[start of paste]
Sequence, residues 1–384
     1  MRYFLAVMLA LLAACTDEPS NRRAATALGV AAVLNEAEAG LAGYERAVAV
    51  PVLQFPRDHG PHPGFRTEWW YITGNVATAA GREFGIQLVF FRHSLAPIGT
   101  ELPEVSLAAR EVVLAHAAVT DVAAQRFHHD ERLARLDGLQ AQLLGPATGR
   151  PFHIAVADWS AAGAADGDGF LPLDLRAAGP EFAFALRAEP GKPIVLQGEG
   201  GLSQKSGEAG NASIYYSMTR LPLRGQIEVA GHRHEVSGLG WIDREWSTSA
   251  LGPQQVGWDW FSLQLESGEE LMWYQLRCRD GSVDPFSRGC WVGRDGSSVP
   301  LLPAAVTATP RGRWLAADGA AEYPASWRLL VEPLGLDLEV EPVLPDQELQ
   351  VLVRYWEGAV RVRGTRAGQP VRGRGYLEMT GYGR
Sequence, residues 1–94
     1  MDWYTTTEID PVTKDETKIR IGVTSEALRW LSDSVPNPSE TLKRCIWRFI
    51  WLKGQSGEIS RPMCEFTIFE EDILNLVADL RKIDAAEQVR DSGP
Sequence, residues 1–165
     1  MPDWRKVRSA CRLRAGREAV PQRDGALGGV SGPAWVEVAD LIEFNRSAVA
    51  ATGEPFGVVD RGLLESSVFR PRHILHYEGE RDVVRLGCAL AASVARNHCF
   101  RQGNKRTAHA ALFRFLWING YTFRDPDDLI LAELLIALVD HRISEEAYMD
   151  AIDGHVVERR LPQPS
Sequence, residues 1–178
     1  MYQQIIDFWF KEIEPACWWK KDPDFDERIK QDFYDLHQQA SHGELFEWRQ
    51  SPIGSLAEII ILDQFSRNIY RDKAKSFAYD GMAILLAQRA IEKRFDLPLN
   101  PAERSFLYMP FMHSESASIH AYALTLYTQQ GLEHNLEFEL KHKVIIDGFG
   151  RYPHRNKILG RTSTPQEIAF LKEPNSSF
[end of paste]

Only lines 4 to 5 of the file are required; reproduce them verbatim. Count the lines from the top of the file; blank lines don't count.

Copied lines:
   101  ELPEVSLAAR EVVLAHAAVT DVAAQRFHHD ERLARLDGLQ AQLLGPATGR
   151  PFHIAVADWS AAGAADGDGF LPLDLRAAGP EFAFALRAEP GKPIVLQGEG